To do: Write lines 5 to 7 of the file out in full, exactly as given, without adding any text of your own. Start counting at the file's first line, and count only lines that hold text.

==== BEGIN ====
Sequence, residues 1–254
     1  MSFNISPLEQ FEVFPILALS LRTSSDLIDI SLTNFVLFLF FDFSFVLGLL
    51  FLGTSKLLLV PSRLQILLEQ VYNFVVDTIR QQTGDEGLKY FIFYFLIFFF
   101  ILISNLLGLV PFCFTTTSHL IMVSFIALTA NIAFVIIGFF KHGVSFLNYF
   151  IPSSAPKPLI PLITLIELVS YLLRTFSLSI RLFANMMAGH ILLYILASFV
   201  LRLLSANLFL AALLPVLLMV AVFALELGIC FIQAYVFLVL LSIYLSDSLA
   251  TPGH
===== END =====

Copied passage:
   151  IPSSAPKPLI PLITLIELVS YLLRTFSLSI RLFANMMAGH ILLYILASFV
   201  LRLLSANLFL AALLPVLLMV AVFALELGIC FIQAYVFLVL LSIYLSDSLA
   251  TPGH